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Can Tech Developments Reduce Truck Crashes?

| Apr 28, 2021 | Truck Accidents |

Automotive technology is constantly moving forward. It was only 30 years ago that Michigan was discussing new laws requiring seat belts; now, legislators must weigh the risks of allowing driverless vehicles on the road. Some of these advanced technologies have made their way into the trucking industry with an intent to increase safety.

The Insurance Institute for Highway Safety (IIHS) has recently completed its study on two new truck safety technologies that may help reduce 40% of crashes where semis rear-end another car. How do these promising technologies work?

Emergency braking and forward-collision warning systems

The director of statistical services at the IIHS, Eric Teoh, led research into the impact two safety technologies had on commercial truck accidents: emergency braking and forward-collision warning. The team studied crash data from 2,000 incidents involving 62 trucking companies and over two billion miles of U.S. roadways. These systems cut speeds of trucks by over 50% during collisions, significantly reducing both damage and injury.

The most catastrophic truck crashes occur when the semi rear-ends another, usually smaller, vehicle. The IIHS team found that trucks equipped with either individual system reduced the rate of these crashes by over 40%. These systems also help reduce the rate of other crashes too — trucks with collision warning experienced 22% fewer crashes than trucks without the tech, while emergency braking reduced the overall rate of crashes by 12%. Teoh and his team believe these technologies provide significant benefits and are lobbying lawmakers to introduce new safety regulations.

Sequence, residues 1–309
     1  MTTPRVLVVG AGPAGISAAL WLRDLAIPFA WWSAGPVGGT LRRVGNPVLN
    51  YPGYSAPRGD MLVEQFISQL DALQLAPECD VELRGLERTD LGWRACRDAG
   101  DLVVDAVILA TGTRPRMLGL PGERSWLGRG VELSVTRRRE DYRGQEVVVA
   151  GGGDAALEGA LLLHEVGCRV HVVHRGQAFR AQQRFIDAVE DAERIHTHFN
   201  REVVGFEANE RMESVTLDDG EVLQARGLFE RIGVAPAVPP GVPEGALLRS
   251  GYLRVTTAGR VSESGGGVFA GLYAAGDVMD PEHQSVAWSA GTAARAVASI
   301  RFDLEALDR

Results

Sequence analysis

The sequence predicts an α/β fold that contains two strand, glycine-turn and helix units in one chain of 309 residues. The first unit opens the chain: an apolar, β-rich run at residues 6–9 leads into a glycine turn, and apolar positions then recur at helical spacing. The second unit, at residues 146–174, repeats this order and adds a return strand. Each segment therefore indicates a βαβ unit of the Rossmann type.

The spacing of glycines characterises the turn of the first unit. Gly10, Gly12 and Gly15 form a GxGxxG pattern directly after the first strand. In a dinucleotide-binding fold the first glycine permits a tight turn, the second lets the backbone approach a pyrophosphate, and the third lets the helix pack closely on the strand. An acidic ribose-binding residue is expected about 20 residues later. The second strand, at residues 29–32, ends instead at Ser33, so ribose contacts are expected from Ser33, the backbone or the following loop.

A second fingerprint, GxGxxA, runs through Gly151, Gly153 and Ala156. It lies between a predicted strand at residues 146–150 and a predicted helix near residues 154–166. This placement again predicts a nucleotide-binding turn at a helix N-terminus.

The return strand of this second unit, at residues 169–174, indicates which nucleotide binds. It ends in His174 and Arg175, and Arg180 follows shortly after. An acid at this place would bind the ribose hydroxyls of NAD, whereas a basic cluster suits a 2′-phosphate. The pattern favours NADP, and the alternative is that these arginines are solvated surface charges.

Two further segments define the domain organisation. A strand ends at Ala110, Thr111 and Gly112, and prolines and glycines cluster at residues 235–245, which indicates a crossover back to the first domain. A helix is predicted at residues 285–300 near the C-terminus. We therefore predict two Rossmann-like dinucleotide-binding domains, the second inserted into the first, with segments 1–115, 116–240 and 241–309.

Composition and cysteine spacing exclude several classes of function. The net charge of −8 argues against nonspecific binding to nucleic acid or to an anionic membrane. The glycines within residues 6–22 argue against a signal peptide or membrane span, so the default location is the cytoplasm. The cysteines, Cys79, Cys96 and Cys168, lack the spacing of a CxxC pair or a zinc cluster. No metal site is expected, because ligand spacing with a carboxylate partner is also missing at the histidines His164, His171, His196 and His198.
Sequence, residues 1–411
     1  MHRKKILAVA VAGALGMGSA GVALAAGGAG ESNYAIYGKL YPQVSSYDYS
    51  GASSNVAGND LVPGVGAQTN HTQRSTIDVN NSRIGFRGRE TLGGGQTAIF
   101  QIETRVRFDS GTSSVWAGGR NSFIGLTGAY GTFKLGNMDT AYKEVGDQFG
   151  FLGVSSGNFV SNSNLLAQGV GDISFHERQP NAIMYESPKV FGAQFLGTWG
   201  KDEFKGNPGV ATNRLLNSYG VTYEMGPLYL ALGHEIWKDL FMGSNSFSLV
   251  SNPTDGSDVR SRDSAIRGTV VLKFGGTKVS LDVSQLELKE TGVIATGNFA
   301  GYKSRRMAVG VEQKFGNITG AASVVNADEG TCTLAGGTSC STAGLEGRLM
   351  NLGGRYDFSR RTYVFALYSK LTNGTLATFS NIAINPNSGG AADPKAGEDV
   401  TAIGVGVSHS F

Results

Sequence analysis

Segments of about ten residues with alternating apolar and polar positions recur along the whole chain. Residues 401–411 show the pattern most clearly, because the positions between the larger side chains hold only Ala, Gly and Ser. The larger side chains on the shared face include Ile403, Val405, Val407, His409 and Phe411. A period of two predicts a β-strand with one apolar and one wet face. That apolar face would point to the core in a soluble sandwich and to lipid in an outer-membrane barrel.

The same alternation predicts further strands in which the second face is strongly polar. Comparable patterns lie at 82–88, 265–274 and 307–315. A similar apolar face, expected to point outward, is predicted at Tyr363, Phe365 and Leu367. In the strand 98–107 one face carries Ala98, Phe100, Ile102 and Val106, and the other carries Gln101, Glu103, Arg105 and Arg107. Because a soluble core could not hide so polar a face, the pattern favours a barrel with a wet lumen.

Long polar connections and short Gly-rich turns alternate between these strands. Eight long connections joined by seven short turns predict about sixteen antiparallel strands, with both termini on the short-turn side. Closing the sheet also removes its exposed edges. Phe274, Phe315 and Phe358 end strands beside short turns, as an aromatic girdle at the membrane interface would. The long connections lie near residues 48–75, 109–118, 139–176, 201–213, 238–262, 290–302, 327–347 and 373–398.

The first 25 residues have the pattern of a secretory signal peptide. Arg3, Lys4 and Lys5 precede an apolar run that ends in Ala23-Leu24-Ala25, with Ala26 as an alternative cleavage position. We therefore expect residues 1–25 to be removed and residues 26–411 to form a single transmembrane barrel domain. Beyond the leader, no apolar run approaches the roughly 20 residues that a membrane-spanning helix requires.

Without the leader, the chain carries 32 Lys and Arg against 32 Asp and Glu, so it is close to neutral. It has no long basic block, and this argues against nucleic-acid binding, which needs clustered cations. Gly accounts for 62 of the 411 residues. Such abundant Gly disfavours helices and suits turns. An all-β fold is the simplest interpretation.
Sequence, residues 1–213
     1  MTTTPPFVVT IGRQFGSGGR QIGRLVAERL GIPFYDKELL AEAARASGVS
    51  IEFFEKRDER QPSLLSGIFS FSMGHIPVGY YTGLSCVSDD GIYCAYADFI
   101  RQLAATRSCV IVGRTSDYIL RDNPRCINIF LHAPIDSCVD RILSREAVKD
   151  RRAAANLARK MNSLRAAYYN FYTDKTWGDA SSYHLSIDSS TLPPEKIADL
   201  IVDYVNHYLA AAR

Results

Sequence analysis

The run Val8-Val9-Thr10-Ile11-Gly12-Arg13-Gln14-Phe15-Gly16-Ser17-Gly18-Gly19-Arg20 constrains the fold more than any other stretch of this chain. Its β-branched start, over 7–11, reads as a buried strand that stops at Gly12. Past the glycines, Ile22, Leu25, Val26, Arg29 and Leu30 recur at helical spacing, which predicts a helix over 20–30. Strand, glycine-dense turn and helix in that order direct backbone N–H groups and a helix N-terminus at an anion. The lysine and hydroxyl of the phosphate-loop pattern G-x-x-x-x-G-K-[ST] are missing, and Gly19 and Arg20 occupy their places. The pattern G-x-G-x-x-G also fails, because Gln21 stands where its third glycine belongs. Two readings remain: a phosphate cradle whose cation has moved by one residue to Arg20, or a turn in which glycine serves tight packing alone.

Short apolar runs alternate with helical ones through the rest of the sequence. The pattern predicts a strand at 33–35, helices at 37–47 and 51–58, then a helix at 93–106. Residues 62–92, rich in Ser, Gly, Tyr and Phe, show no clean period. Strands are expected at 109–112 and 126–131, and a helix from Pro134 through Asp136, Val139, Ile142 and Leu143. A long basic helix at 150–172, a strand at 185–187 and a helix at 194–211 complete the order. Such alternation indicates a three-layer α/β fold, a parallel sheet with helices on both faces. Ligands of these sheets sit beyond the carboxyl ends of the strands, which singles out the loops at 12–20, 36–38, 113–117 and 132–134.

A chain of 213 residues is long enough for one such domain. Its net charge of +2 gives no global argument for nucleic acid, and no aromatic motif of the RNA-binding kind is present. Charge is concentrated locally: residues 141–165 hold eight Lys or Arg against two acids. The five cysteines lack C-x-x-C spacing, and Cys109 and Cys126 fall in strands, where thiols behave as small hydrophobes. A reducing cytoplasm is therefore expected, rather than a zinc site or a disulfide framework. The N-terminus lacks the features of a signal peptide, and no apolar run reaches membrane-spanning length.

Industry reception

For many fleet operators, these numbers can assist in cost analysis. Equipping a whole fleet of trucks with two new technologies is not cheap, but neither are personal injury lawsuits. The Federal Motor Carrier Safety Administration encourages the voluntary use of these systems, while the Owner-Operator Independent Drivers Association believes the study overlooks real-world factors like experience and safety records. Despite pushback, Teoh and the IIHS stand their ground, saying these technologies directly prevent or limit the damage of crashes and could save lives.

Will the federal government require this tech?

The United States has not yet required that fleet operators include these safety systems, but precedent does exist: the European Union launched a similar program in 2013 to great success. The IIHS certainly hopes so — large truck crashes have risen by over 30% since 2009, with more than 4,000 people losing their lives in 2018.

If you or a loved one were a victim of a large truck crash, you may be able to secure compensation for your injuries. Contact a local lawyer familiar with Michigan’s motor vehicle laws for more information.